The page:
Black Tech Nation Ventures’s diversity thesis undeterred by growing DEI backlash

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Black Tech Nation Ventures launched in 2021 to address the funding gap for Black founders amid a wave of venture diversity initiatives after the murder of George Floyd in 2020. Three years later, amongst growing backlash against DEI and diversity-focused investments, the firm’s mission may be more important now than when it started.

The Pittsburgh-based venture firm has finished raising its first $50 million for its debut fund to back pre-seed and seed-stage software startups led by founders that are Black, women or members of the LGBTQ+ community, among other underrepresented groups. The firm is backed by LPs including Alphabet, First National Bank and billionaire Mark Cuban.

Getting its first fund to its full $50 million goal was at first a race and then a slog, David Motley, a general partner at BTNV, told TechCrunch. The firm found initial fundraising success in 2021, and held a first close on $25 million that year, he explained. That was greatly helped by a surge of investors looking to put their money into funds focused on diversity, and favorable fundraising conditions especially for emerging managers. The firm had initially planned to hold a final close by the summer of 2022 but those trends didn’t last. The second half of the fundraise was tough as market conditions soured, and investors backed away from the diversity investing goals they made in 2020.

“The pushback is real,” Motley said. “We have seen funding to diverse founders and Black-led venture funds decline rapidly. We saw the level of funding return to 2019 totals.”

While the diversity pushback isn’t a venture-specific issue — states like Oklahoma have voted to defund DEI efforts at public colleges and affirmative action was ruled unconstitutional by the Supreme Court last June — venture is impacted. Atlanta-based venture firm Fearless Fund recently came under legal pressure from conservative activists that said their focus on grants and funding for diverse founders was discriminatory.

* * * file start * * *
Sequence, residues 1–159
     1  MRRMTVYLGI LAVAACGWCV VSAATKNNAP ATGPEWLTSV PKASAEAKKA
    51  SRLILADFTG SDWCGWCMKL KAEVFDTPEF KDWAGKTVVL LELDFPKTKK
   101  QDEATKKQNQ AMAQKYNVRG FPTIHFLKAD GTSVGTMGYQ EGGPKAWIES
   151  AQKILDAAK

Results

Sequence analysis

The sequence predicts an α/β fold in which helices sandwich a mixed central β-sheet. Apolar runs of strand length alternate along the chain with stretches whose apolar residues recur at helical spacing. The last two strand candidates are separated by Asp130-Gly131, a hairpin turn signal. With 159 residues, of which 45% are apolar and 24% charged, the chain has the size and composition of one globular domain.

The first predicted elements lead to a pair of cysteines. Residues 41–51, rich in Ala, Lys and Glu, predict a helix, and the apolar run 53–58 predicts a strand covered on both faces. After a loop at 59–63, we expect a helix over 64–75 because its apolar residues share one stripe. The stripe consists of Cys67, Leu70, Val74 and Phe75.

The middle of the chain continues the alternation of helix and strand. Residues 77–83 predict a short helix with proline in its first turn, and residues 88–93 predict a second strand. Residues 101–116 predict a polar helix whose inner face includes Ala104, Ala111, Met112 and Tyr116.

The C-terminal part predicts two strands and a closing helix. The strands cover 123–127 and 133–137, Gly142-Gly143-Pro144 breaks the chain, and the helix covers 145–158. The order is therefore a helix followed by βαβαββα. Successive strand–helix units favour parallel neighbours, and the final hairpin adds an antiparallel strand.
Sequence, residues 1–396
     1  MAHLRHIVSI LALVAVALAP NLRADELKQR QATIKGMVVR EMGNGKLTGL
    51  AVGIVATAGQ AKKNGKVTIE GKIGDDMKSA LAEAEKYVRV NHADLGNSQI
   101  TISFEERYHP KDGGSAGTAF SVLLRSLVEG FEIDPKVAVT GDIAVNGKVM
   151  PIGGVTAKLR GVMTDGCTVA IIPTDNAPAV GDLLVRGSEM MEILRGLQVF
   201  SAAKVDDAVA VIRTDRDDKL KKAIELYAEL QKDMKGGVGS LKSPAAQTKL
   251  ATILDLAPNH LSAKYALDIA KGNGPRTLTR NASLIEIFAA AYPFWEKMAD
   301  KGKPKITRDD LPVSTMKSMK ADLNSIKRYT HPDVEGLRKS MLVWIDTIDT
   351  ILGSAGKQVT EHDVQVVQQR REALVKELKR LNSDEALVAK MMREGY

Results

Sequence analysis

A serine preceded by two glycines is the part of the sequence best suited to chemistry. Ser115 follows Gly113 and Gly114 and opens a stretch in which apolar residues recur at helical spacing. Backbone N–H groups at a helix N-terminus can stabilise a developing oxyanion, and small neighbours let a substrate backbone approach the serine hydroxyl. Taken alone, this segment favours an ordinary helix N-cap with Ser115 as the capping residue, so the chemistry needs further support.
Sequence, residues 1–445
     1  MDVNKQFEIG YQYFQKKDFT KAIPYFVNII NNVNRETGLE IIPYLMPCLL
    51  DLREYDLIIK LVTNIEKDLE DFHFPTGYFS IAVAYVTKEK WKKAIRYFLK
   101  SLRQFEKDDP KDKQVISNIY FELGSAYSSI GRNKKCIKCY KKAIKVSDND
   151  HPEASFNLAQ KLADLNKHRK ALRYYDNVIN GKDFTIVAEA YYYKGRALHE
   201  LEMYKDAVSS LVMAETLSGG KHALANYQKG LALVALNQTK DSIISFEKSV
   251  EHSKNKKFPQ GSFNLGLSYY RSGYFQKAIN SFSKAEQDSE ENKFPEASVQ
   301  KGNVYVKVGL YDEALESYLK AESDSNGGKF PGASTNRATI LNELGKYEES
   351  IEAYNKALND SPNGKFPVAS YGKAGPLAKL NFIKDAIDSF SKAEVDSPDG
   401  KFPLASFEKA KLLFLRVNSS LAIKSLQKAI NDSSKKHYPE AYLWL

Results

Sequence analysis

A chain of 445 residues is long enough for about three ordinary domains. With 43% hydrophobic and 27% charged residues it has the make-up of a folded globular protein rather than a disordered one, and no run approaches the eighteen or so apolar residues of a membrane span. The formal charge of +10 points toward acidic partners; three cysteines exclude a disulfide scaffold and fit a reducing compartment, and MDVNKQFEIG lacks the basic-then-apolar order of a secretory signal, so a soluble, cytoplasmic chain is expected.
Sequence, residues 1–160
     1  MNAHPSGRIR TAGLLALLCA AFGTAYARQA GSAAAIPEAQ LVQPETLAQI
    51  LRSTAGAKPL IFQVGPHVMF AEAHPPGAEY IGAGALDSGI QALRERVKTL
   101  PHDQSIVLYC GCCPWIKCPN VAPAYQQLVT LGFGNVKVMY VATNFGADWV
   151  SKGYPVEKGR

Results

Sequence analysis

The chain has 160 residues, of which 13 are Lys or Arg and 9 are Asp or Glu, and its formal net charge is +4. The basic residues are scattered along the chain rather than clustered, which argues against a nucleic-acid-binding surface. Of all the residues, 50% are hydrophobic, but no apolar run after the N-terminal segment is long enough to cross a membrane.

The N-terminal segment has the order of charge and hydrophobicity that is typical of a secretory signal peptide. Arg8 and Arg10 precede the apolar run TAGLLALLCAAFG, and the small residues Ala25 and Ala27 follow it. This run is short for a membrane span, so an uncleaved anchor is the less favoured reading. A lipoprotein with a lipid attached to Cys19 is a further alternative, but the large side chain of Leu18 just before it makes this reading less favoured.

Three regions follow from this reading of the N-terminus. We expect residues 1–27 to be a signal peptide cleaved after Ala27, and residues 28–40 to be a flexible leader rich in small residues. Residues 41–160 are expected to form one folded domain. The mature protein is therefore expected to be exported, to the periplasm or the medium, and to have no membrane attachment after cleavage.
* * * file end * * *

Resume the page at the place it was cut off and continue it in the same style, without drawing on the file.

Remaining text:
Firms like BTNV could find themselves caught in the ripple effects of these recent events. But Motley said this change in overall narrative around DEI doesn’t discourage the team but rather shows them why they should stick to their thesis.

“The industry is structured to do what it has historically done, 2021 and 2022 were in some ways an anomaly, and then you had a return to normalcy,” Motley said about the short-lived surge of support for diversity-focused VCs. “You have funds like ours that came out of that time frame that are now positioned to show that this shouldn’t be a moment or just an initiative. These investment opportunities should be looked at.”

BTNV’s checks range from $250,000 to $1 million and focus on enterprise software solutions in sectors including fintech, edtech and clean tech, among others. The firm invests across the U.S. and is looking for founders based outside the coastal hubs. The fund has so far made 10 investments since its first close and has backed founders in cities including Cleveland, Indianapolis and Atlanta.

Motley said the fund hopes to provide impact beyond its $50 million in assets under management by both leading the fundraise round in a startup by writing the biggest check, and helping that startup find additional investors for the round. He said as a lead investor, BTNV hopes to introduce other VC firms to companies they may not have taken a chance on otherwise. On the flip side, he said underrepresented founders sometimes struggle to close out rounds despite finding a lead investor.

The firm will also collaborate with Black Tech Nation, the nonprofit that is run by BTNV general partner Kelauni Jasmyn that created a digital network of Black tech professionals, when it can. While the two organizations are fully separate, despite sharing a name, Motley said he hopes the two organizations can collaborate on events, connect talent or that the firm can find potential founders to back through the nonprofit’s network.

Motley said that despite the firm’s thesis on backing underrepresented founders, the main goal for Fund I is to produce top-tier returns that earn the firm the right to raise subsequent funds. Motley said the firm is confident that looking for companies in these underserved markets will help them get there.

“The opportunity here is: rise above the politics of the moment and to really prove that it is in everyone’s best interest to advance the best deals, the best founders and the best venture funds,” Motley said. “It doesn’t matter what political persuasion you are. If we do that it will be better for everyone and our country. That goes way beyond any of the pushback that one might get for advancing what we are advancing.”

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